The State Department is warning Americans not to travel to Libya. The stated reason: "extremist groups in Libya made specific threats against U.S. government officials and U.S. non-governmental organizations (NGOs) operating in Libya."
The State Department warning reads, "The Department of State warns U.S. citizens of the risks of traveling to Libya and strongly advises against all but essential travel to Tripoli and against all travel to areas outsideof Tripoli. Because of ongoing instability and violence, the Department’s ability to provide consular services to U.S. citizens within Tripoliis extremely limited, and the Department cannot provide consular services outside Tripoli except by telephone. The U.S. Embassy in Libya remains an unaccompanied post due to security concerns. This Travel Warning supersedes the Travel Warning dated June 7, 2013.
The Libyan government is still working to rebuild its military and police forces and improve security following the 2011 revolution. The security situation remains unpredictable and unstable. Many military-grade weapons remain in the hands of private individuals, including antiaircraft weapons that may be used against civilian aviation. Crime levels remain high in many parts of the country. In addition to the threat of crime, various groups have called for attacks against U.S. citizens and U.S. interests in Libya. For instance, in October and December 2013, extremist groups in Libya made specific threats against U.S. government officials and U.S. non-governmental organizations (NGOs) operating in Libya. Because of the presumption that foreigners, especially U.S. citizens, in Libya may be associated with the U.S. government or U.S. NGOs, travelers should be aware that they may be targeted by extremist groups seeking to injure or kill U.S. citizens, and should act accordingly with extreme caution. In addition, on December 5, 2013, a U.S. citizen teacher resident in Benghazi was killed in a drive-by shooting near his home.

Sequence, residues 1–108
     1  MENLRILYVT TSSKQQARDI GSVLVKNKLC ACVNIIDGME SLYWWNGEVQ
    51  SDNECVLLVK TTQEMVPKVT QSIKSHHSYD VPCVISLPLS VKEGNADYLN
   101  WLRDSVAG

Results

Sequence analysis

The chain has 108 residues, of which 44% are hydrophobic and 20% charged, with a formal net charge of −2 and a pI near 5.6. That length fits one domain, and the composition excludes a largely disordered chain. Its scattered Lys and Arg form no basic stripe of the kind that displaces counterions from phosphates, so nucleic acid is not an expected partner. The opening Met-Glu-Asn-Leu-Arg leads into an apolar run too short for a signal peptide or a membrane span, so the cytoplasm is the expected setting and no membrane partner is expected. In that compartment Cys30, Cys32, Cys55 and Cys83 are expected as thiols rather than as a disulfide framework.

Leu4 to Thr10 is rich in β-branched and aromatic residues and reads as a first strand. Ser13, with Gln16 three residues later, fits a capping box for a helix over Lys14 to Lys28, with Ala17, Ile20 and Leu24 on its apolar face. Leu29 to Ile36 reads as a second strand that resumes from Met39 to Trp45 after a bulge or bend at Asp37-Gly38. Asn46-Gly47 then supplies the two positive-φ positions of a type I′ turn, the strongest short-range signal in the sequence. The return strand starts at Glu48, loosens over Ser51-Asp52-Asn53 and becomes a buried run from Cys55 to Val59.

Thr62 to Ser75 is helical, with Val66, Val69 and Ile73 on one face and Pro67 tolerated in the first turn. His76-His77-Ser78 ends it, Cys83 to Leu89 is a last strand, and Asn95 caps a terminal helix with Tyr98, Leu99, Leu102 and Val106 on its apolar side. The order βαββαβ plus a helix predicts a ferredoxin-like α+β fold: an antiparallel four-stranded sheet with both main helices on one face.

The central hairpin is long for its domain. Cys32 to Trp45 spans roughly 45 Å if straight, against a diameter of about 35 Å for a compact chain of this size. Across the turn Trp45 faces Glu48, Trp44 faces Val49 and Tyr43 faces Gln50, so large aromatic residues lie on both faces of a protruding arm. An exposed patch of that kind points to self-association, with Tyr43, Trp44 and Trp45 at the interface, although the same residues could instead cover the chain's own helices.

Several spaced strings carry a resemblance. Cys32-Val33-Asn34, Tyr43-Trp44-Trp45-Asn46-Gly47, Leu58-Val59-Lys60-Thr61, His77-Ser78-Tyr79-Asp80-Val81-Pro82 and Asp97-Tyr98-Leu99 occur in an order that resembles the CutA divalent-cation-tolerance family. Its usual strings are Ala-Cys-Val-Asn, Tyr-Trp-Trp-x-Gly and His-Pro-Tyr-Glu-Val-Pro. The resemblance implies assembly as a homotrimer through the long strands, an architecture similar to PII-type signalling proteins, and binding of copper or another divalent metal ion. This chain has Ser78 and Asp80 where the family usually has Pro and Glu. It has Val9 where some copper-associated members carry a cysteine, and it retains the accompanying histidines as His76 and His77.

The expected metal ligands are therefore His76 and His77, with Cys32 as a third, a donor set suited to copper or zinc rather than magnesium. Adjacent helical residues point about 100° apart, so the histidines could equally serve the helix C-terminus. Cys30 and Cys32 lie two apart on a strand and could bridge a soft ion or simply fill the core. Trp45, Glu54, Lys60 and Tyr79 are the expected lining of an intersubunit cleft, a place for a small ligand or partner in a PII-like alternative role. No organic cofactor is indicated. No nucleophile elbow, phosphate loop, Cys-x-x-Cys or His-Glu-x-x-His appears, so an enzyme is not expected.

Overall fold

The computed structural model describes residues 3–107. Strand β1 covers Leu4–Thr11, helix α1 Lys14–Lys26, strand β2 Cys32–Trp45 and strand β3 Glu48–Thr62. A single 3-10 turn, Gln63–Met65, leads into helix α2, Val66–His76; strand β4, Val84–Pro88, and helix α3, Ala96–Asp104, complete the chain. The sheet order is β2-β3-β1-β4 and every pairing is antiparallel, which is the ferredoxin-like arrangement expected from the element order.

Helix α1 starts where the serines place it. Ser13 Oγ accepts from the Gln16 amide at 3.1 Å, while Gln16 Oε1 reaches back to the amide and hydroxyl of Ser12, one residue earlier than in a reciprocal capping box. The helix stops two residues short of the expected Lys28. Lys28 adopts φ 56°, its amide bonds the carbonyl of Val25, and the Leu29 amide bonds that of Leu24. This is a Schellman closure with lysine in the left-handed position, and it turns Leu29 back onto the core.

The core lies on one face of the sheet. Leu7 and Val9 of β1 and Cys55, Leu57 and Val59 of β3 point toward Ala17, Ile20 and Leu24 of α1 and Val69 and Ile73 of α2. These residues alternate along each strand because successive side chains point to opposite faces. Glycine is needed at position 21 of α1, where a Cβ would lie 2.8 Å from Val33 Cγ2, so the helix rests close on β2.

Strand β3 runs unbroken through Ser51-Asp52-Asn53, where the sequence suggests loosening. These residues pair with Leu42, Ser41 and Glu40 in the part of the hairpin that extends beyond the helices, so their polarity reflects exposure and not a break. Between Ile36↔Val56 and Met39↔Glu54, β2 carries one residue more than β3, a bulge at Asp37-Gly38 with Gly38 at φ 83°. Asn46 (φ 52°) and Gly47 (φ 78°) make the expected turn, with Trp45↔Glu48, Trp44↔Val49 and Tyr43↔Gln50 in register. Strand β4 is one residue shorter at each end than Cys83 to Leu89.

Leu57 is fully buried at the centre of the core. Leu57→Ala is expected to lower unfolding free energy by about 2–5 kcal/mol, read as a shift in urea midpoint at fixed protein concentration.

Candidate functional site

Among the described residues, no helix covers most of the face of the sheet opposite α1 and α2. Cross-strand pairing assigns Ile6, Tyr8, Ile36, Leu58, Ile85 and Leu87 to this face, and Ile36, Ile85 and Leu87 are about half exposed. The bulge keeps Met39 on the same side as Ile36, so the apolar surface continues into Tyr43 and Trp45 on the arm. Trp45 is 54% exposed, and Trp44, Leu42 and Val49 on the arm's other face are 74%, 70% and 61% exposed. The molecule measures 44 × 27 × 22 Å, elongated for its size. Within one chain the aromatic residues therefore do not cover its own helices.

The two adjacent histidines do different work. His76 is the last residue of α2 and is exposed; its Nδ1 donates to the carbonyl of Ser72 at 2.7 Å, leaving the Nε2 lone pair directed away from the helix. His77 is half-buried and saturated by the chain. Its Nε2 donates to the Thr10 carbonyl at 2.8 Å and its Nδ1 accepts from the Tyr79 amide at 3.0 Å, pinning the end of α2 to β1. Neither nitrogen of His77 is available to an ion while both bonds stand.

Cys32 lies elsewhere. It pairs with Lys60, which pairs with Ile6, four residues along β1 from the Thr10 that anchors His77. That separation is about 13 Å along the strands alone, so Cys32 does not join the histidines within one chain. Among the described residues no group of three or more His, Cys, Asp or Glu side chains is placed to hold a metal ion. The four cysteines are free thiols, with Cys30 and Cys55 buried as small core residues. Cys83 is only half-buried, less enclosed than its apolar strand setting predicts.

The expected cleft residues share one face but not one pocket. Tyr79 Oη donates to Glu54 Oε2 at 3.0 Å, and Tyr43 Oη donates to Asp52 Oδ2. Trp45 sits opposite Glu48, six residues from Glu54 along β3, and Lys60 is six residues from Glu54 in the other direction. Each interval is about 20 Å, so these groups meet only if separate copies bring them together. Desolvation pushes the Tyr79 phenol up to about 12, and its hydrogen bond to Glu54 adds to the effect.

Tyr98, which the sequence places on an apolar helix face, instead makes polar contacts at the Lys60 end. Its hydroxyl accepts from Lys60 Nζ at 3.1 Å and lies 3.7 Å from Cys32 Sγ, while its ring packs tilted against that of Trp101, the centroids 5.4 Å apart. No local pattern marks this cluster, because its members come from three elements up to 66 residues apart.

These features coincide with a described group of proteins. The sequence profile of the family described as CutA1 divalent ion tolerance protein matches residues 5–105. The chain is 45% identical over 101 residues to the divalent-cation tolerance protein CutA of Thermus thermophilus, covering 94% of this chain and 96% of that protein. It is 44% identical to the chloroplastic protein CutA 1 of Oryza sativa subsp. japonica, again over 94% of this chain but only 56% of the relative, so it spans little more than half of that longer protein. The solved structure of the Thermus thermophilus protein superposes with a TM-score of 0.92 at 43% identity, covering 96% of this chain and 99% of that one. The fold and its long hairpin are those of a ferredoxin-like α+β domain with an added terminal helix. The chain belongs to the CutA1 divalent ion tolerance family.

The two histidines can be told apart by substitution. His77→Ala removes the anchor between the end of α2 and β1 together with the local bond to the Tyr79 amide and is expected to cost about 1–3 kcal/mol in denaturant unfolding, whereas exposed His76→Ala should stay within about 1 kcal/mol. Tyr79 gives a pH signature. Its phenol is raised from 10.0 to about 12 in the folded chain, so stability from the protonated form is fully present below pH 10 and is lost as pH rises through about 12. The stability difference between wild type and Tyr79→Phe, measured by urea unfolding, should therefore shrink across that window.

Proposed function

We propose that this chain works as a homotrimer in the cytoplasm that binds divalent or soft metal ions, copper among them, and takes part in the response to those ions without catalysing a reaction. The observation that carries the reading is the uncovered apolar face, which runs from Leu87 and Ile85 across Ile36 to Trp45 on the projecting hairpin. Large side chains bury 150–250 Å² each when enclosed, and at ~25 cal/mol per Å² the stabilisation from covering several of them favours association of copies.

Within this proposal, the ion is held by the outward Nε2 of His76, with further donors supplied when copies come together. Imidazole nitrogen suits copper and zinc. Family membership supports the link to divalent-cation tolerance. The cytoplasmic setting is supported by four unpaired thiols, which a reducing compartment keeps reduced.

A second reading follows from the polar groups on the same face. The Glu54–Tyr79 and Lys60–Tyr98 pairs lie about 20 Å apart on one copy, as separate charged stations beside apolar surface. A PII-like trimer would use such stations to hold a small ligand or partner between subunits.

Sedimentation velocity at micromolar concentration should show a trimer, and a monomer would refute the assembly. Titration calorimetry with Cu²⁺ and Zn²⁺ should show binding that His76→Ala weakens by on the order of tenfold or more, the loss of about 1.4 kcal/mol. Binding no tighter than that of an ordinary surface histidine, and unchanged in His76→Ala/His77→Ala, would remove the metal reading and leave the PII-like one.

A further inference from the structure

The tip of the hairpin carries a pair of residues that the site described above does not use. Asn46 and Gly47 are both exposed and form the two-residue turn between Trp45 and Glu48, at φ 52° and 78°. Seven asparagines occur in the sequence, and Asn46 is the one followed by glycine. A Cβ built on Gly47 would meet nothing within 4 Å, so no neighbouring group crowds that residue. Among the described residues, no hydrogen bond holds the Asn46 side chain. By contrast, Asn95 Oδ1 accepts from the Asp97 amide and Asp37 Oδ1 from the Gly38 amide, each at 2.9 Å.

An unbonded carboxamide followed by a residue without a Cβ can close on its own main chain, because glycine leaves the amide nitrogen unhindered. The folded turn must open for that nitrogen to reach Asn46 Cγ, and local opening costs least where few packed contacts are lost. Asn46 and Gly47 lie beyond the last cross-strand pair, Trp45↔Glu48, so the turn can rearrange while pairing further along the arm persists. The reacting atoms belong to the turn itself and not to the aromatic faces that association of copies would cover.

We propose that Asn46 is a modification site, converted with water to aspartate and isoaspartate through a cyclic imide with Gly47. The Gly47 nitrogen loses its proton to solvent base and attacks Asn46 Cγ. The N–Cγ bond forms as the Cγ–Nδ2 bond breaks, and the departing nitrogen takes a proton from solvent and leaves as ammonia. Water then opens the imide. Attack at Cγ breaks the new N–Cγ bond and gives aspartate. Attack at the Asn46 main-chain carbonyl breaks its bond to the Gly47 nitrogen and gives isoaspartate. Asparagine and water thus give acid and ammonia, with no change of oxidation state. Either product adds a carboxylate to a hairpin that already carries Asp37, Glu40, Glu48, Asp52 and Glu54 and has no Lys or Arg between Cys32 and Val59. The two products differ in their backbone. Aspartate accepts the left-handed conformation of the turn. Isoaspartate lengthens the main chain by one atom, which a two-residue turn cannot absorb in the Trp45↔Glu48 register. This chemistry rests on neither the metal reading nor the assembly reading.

Sporadic episodes of civil unrest have occurred throughout the country and attacks by armed militants can occur in many different areas; hotels frequented by westerners have been caught in the crossfire. On November 15, 2013, fighting between militias and protesters in Tripoli resulted in the deaths of approximately 50 people with hundreds more injured. Since that time, some militias have withdrawn from Tripoli. However, checkpoints controlled by militias are common outside of Tripoli and other urban areas have witnessed fighting between armed groups and government forces. Closures or threats of closures of the international airports occur regularly, for maintenance-, labor-, or security-related reasons.
In a September 11, 2012, four Americans, including the U.S. ambassador to Libya, were murdered by al Qaeda-alligned terrorists.